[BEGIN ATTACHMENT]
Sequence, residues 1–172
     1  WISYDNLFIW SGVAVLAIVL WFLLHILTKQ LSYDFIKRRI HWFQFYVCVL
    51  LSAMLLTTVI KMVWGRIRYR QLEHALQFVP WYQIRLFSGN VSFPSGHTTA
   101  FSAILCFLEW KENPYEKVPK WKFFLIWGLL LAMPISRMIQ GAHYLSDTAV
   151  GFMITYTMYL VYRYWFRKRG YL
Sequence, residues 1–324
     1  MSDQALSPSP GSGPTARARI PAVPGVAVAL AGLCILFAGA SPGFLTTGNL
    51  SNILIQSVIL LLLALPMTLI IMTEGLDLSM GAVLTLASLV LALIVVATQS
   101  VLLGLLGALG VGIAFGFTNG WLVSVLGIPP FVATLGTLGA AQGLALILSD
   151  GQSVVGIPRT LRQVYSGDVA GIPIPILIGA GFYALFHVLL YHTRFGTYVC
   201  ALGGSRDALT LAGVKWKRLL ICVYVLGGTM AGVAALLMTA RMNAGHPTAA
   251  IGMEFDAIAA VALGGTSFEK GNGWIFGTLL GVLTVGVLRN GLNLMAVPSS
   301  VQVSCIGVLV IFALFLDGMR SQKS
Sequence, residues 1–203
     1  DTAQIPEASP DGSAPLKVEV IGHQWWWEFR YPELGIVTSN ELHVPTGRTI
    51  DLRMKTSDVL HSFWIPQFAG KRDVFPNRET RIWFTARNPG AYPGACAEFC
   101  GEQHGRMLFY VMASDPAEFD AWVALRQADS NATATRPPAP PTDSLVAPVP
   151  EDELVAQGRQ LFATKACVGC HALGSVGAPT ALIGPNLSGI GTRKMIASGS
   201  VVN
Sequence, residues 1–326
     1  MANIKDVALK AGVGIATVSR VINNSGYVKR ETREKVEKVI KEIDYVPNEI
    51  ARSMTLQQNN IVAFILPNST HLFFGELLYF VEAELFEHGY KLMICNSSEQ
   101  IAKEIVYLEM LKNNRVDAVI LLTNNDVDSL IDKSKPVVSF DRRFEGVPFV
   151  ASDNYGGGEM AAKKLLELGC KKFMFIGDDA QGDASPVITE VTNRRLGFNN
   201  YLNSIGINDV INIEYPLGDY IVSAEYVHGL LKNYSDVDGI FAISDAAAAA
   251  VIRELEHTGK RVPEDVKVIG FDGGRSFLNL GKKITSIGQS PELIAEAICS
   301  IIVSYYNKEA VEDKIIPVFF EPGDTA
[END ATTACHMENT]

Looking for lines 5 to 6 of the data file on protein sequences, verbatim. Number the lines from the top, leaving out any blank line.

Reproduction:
   151  GFMITYTMYL VYRYWFRKRG YL
Sequence, residues 1–324